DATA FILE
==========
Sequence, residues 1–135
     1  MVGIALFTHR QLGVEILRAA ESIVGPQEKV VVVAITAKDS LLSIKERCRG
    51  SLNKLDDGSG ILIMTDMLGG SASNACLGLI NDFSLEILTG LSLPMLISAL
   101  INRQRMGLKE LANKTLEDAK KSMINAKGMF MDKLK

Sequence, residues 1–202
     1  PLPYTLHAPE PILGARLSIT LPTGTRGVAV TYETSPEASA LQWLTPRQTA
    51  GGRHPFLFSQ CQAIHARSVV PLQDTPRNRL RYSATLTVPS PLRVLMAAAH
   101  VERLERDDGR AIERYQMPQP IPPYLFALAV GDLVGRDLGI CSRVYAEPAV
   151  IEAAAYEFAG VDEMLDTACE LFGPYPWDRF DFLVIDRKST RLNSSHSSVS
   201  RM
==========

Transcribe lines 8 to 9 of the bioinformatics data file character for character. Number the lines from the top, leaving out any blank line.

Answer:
   101  VERLERDDGR AIERYQMPQP IPPYLFALAV GDLVGRDLGI CSRVYAEPAV
   151  IEAAAYEFAG VDEMLDTACE LFGPYPWDRF DFLVIDRKST RLNSSHSSVS